End of the "spiral of violence": Pope talks Putin and Zelenskyj into their consciences

In an extraordinary and urgent appeal, Pope Francis addresses Russian President Putin directly.

End of the "spiral of violence": Pope talks Putin and Zelenskyj into their consciences

In an extraordinary and urgent appeal, Pope Francis addresses Russian President Putin directly. He urges him to end the "rivers of blood and tears" in Ukraine. The pontiff also addressed a request to the Ukrainian head of state Zelenskyy.

Pope Francis has asked Russian President Vladimir Putin to stop the "spiral of violence" in Ukraine. During Sunday prayers on St. Peter's Square in Rome, he deplored the annexation of the four Ukrainian regions by Moscow, which contradicted international law. It was the first time since Russia's war of aggression in Ukraine began on February 24 that the Argentine pope addressed President Putin directly in a speech.

In his extraordinary and urgent appeal, the head of the Catholic Church said: "I am deeply saddened by the torrents of blood and tears that have been shed these months. I am saddened by the thousands of victims, especially children, and the numerous destruction caused left many people and families homeless and threatened vast areas with cold and hunger. Such actions can never be justified, ever!" Francis asked, "What more must happen? How much blood must spill before we realize that war is never a solution, only destruction?"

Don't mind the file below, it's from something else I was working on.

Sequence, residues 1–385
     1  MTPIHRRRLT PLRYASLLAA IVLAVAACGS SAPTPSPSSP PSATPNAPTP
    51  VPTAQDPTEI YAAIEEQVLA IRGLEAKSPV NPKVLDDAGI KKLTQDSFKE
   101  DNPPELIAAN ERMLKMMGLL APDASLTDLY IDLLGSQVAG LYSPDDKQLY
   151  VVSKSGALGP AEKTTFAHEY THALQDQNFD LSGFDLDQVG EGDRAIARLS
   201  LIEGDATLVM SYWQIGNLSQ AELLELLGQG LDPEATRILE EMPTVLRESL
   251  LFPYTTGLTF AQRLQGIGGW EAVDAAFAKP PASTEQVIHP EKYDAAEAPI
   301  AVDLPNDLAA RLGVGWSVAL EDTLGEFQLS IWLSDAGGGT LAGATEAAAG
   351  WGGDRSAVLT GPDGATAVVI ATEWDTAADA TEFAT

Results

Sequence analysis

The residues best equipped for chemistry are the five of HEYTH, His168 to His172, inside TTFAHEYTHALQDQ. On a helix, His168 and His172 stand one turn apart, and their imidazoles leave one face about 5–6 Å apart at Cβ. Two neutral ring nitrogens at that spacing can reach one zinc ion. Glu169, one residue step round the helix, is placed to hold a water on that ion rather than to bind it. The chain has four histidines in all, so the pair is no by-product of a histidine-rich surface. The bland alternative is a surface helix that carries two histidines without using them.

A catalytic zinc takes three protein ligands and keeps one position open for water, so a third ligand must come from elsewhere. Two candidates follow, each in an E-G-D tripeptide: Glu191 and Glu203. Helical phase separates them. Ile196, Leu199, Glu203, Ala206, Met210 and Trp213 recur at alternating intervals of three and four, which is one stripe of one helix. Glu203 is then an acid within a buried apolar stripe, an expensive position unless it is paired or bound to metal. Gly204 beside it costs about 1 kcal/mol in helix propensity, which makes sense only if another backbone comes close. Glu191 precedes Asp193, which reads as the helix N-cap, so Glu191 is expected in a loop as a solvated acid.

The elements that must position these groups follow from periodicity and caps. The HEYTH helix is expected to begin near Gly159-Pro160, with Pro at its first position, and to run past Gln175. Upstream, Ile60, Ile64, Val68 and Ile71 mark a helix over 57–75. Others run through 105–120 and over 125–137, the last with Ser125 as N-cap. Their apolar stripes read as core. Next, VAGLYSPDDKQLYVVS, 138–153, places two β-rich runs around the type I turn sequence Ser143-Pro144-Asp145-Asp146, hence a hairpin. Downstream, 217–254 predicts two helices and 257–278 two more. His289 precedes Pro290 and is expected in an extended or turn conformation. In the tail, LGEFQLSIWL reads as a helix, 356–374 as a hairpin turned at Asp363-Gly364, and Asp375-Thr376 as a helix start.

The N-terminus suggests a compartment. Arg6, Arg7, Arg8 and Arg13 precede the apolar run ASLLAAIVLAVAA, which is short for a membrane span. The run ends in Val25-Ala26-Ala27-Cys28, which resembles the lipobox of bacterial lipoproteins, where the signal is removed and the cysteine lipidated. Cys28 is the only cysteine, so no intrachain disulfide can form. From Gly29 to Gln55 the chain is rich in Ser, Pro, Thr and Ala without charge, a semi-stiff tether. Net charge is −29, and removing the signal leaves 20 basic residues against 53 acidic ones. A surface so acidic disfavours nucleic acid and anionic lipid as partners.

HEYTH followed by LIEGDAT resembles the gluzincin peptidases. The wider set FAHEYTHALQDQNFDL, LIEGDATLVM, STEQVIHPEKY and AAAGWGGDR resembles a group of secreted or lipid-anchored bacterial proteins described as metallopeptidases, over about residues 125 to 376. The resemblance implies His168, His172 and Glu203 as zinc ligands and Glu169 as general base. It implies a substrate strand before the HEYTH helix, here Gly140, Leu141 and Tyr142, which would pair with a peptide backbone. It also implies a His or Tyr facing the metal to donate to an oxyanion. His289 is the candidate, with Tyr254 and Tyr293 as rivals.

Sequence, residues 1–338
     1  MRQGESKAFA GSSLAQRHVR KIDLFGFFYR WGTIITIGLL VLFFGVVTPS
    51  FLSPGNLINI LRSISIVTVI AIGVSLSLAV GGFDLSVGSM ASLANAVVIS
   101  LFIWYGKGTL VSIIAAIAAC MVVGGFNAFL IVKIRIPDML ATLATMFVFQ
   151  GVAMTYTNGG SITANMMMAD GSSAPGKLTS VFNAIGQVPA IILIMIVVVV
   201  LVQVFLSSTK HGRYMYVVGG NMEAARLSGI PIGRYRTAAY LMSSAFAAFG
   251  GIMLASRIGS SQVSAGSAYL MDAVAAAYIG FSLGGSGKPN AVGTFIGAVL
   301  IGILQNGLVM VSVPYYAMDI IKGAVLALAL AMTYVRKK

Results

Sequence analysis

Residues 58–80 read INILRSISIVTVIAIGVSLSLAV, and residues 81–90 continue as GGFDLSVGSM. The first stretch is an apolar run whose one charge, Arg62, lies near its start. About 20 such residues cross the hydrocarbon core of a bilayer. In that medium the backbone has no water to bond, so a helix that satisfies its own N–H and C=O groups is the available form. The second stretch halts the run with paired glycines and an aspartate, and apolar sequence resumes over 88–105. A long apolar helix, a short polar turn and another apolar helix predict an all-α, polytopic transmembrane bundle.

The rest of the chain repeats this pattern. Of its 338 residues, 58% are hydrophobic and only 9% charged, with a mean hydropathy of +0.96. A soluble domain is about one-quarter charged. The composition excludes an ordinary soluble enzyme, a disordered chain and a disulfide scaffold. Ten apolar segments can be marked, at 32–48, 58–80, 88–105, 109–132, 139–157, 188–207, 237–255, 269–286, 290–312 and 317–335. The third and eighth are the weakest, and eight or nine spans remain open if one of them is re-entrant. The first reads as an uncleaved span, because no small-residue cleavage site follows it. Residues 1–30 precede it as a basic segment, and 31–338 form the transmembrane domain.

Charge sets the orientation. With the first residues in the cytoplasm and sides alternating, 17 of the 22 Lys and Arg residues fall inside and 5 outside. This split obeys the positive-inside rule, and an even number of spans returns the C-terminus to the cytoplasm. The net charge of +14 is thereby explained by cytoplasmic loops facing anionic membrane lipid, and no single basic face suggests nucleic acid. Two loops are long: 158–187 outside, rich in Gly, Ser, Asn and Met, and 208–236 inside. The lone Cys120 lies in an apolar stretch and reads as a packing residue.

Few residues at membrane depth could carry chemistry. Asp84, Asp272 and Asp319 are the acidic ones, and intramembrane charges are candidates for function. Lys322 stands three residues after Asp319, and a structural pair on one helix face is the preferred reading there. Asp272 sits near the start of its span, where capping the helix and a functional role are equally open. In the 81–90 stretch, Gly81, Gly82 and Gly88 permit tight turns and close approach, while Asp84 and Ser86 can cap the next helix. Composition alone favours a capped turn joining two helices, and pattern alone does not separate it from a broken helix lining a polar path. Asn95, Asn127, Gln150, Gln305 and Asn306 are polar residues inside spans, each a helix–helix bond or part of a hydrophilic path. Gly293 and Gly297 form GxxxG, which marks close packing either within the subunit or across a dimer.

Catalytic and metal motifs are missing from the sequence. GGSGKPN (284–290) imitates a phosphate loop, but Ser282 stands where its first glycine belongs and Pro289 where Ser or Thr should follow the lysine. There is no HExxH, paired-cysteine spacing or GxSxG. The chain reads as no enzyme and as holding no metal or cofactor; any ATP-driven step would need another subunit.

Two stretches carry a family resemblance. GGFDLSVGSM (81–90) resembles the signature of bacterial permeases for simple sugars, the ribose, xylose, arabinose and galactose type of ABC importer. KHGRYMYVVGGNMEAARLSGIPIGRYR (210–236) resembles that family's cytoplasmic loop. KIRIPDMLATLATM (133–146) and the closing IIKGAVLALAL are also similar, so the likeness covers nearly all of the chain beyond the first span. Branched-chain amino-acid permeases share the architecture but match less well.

The pontiff dedicated his entire address before the traditional Angelus prayer - in which he usually speaks about the gospel - to the situation in Ukraine. The situation that has arisen in the past few days increases the risk of a nuclear escalation and gives rise to fears of "uncontrollable and catastrophic consequences worldwide," said the Pope. That mankind is again confronted with a "nuclear threat" is "absurd". "The war itself is a mistake and a horror!"

The head of the Catholic Church, "devastated by the immeasurable suffering of the Ukrainian people as a result of the aggression they have suffered," appealed to Ukrainian President Volodymyr Zelenskyy to be open to serious peace proposals. "It's scary that the world learns the geography of Ukraine through names like Bucha, Irpin, Mariupol, Izyum, Zaporizhia and other places that have become (...) places of suffering and fear," he added .

Since the start of the Ukraine war, the Vatican has been walking a tightrope, condemning Russia's war of aggression in Ukraine while trying to keep open the possibility of a dialogue with Moscow.

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